By Jim Schutze
By Rachel Watts
By Lauren Drewes Daniels
By Anna Merlan
By Lee Escobedo
By Eric Nicholson
The media attention started a procession of the curious to Bettie's lot. "Every time we would walk by their place, my dog would run straight to that wishing well and stand there and bark," one neighbor told a reporter. "I guess he knew something we didn't."
Concerned that Bettie's third husband might also have met an untoward end, sheriff's deputies tracked down Ronald Threlkeld in Little Rock. Threlkeld was shocked, but thought back to the day his "little blond fox" had aimed her car at him. "I felt lucky to be alive," he says.
O'Brien soon discovered that Bettie had attempted to take out a $10,000 insurance policy on Jimmy Don's life in May 1983, just three months before his death. Bettie had given her daughter Faye's mailing address for the premium notices. But a relative of Jimmy Don who worked at the insurance agency, curious about the unfamiliar address and signature, had taken the policy back to the fire captain, who ordered it canceled.
Though Bettie contended that she had thought the policy form was for a credit card, the DA now felt he had a motive for the murder: Beets' insurance and pension benefits. He upgraded one charge against Bettie to capital murder.
Mother and daughter both told the grand jury they knew nothing about the deaths of the two men buried in Bettie's yard.
After years of battling a drug problem, Shirley was struggling to get her life together. She was working as a management trainee at a Mesquite Taco Bell.
One morning, her father, Robert Branson, came with his wife to speak privately to Shirley. When she returned to her cell, she began changing clothes.
"Where are you going?" Bettie asked.
"I'm going home," Shirley told her mother.
The East Texas town of Athens (pop. 10,000) is known for its annual Black-Eyed Pea Jamboree and as the place where the hamburger was invented in the 1880s.
But the October 1985 capital-murder trial of Bettie Lou Beets was the biggest event in its history.
Reporters from across the nation descended, setting up satellite trucks and interviewing everyone in sight. Neighbors told stories of a hot-tempered woman who threw hatchets and knives at a target tacked to a tree in her yard--and shot dead a neighborhood dog who had molested her poodle. Then there was her 1980 arrest for lewd conduct. O'Brien found a police report that revealed Bettie had been auditioning at a Dallas topless bar called Charlie's Angels when one of her pasties fell off. Bettie was arrested after she invited an undercover vice officer to put it back on. She pled guilty to a misdemeanor and received one year's probation.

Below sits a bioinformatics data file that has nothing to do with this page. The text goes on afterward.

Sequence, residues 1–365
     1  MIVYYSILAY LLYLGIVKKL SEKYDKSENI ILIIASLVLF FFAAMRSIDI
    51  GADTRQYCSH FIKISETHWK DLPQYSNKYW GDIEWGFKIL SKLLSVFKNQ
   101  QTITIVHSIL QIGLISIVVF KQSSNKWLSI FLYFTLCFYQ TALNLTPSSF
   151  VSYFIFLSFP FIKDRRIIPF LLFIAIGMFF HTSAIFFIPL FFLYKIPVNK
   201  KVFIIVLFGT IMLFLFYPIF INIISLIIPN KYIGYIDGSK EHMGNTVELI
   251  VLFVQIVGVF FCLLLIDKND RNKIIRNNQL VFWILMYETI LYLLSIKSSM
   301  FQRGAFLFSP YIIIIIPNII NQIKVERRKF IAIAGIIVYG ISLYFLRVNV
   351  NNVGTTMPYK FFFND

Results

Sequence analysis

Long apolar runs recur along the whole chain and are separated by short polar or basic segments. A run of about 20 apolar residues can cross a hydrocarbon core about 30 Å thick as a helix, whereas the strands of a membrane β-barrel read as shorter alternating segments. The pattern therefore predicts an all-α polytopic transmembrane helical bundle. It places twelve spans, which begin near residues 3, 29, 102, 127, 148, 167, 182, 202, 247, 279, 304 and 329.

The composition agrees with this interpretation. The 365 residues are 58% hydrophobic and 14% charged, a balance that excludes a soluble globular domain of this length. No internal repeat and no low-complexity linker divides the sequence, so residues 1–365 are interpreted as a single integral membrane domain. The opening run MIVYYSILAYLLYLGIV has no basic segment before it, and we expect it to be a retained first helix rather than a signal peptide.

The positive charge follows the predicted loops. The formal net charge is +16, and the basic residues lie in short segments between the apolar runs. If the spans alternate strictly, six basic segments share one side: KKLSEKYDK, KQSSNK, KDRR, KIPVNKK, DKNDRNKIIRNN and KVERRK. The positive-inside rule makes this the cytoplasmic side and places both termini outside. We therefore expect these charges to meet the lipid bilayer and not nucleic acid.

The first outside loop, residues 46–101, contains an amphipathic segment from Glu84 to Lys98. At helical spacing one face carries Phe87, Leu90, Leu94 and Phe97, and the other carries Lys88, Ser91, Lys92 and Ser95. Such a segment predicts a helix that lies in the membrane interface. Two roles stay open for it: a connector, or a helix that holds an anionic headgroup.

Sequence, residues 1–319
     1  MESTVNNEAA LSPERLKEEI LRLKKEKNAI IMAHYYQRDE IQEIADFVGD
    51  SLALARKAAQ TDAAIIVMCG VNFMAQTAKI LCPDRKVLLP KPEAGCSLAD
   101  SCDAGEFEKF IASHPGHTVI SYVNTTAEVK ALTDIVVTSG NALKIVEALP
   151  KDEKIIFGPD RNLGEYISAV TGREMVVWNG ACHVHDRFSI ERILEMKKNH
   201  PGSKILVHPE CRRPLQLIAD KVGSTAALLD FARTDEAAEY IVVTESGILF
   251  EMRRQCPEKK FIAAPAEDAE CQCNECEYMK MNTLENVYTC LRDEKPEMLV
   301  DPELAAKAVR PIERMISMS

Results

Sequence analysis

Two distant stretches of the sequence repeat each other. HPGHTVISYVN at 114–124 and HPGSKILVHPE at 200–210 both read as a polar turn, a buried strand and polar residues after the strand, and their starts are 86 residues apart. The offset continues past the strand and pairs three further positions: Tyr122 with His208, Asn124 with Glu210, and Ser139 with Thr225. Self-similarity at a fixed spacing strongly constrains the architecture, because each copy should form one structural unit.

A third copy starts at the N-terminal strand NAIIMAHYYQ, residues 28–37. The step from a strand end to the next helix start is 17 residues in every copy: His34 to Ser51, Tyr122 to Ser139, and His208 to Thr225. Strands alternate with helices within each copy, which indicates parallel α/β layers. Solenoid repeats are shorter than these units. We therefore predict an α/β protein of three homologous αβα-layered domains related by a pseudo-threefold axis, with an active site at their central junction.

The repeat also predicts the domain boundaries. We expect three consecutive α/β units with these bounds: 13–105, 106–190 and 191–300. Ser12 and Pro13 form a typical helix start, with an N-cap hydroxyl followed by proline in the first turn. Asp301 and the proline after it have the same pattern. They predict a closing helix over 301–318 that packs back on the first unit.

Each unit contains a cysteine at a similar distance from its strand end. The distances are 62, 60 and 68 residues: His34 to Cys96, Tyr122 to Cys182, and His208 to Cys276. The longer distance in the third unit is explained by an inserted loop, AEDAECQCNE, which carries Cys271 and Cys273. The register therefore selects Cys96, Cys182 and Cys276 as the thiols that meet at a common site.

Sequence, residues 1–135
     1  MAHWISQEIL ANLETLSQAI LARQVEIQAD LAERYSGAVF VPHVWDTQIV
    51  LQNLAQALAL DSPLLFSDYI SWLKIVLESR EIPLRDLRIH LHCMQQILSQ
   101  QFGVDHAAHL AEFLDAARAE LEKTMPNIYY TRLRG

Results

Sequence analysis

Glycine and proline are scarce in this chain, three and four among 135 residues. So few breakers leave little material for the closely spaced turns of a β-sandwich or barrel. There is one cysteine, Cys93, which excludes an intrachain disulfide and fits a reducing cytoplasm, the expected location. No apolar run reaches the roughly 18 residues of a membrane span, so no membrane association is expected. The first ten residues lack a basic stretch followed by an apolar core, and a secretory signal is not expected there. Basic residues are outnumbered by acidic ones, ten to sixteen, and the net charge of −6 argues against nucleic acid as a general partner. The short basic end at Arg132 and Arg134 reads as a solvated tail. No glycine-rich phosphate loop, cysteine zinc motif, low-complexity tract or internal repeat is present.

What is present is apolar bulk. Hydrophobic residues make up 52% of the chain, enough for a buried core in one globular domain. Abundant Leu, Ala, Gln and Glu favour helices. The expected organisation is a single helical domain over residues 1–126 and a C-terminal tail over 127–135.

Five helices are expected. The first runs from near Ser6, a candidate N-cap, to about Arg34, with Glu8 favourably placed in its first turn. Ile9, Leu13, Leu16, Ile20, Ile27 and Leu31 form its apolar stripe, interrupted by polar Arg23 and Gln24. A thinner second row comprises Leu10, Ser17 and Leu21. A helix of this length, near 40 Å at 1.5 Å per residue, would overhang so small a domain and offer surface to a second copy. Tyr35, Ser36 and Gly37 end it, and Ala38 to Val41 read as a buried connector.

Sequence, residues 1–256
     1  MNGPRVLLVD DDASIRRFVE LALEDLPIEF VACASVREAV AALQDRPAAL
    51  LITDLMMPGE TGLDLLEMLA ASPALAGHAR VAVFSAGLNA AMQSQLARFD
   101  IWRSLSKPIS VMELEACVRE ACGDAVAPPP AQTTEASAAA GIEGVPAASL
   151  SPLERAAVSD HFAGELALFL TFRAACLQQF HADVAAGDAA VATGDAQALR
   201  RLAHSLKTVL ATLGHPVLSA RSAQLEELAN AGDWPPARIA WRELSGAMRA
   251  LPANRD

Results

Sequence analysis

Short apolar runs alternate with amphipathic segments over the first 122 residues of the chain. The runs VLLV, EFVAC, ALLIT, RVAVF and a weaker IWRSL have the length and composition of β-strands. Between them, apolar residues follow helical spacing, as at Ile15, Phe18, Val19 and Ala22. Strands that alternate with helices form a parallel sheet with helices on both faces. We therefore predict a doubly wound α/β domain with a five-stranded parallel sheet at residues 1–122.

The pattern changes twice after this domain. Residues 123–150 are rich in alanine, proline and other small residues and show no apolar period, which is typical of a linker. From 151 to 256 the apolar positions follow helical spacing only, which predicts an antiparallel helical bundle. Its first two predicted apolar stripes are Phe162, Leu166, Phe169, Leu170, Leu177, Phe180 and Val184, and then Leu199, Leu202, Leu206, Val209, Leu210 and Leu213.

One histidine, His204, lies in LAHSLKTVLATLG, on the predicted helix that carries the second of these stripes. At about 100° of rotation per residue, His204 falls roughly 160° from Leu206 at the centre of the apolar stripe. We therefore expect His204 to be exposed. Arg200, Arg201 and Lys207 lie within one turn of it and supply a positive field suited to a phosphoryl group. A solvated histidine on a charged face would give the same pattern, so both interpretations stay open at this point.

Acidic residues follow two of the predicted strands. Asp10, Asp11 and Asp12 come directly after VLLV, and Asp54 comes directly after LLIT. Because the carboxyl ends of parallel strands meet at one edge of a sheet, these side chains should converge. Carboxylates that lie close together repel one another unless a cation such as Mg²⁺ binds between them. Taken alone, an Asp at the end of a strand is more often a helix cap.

With residents jockeying for seats in the courtroom, the trial finally got under way. E. Ray Andrews, Athens' best-known criminal attorney, was representing Bettie. Known locally as a genial rogue, Andrews was a witty, gregarious country lawyer. His cornpone approach hid an effective legal talent--at least when he wasn't drinking.
Forensics experts had identified Jimmy Don's badly decomposed body with dental records. An autopsy indicated he'd been shot twice--once in the torso and once in the back of the head--probably while in bed. Two bullets had been found in the sleeping bag. The murder weapon was a .38-caliber handgun--much like the .38 Colt Special found in Bettie's mobile home.
Jimmy Don's skull was brought into the courtroom in a box to show the wound in the back of his head. Barker had been shot in the head with a similar weapon.
But the most shocking testimony was that of Bettie's children.
After she agreed to testify against her mother, Shirley's bond had been lowered from $1 million to $5,000. She and Robby painted a picture of young adults who simultaneously loved and feared their mother.
Robby had come to live with his mother and Jimmy Don right after he turned 17, following years of separation and his arrest on a burglary charge in Corsicana. Robby and his stepfather got along well until the summer of 1983, when Bettie and Jimmy Don returned from a Virginia vacation to find that Robby had messed up the house and Jimmy Don's boat.
Nervously chewing gum, Robby told the packed courtroom how his mother had brought him into her plan. At about 9 p.m. on the night of August 5, 1983, Bettie calmly informed her son in the kitchen that she was going to murder Jimmy Don that night.
Bettie sent Robby out of the house; she didn't want him to be around when she did the deed. Robby climbed on his motorcycle and drove around the lake aimlessly, returning to his mother's place about midnight.
In the living room, he found Bettie, who quietly told him she had taken care of Jimmy Don. Robby walked to the back of the trailer, and there, near the back door, was a large shape encased in a blue sleeping bag.
Bettie asked him to help drag the body to the empty wishing-well planter. Robby and Jimmy Don had recently built it together, at Bettie's request.
They dumped the body in the planter. Bettie spent much of the rest of the evening cleaning house and doing laundry.
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